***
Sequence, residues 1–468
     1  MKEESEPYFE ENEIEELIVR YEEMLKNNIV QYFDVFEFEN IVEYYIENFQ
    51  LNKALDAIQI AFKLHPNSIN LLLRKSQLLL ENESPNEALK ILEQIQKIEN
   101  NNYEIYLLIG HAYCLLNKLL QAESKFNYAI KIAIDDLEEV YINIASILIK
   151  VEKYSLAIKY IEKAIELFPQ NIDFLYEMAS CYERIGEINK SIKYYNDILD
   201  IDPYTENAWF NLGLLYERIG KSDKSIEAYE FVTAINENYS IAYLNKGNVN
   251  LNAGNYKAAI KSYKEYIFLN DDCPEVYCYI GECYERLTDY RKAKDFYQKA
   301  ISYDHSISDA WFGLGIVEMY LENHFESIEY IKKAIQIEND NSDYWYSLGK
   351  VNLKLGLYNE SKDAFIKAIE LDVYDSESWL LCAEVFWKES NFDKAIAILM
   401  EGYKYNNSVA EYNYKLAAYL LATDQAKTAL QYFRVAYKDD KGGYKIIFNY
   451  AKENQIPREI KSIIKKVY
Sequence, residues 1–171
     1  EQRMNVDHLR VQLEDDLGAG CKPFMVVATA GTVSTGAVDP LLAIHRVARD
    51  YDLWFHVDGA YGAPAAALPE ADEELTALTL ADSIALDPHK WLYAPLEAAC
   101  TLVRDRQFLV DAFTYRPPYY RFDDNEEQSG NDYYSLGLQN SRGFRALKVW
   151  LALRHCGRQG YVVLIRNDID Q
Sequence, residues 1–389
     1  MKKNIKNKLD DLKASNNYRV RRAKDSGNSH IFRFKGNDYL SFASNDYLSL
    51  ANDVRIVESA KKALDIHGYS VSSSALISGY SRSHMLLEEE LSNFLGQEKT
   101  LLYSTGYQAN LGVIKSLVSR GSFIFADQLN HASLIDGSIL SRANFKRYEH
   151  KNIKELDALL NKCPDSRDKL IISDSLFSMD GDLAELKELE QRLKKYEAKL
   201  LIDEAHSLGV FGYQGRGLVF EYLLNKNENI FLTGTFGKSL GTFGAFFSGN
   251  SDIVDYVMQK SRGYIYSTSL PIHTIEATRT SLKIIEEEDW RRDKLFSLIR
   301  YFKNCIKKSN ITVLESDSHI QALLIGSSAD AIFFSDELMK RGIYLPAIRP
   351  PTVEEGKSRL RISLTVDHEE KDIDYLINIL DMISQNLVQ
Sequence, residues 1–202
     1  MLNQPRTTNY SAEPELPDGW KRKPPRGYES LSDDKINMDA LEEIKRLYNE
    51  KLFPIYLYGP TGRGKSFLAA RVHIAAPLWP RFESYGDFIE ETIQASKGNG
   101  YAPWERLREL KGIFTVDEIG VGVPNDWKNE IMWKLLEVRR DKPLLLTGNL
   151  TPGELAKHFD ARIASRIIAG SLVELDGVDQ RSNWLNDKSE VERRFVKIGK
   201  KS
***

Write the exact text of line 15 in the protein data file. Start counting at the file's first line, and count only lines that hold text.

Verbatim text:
   101  TLVRDRQFLV DAFTYRPPYY RFDDNEEQSG NDYYSLGLQN SRGFRALKVW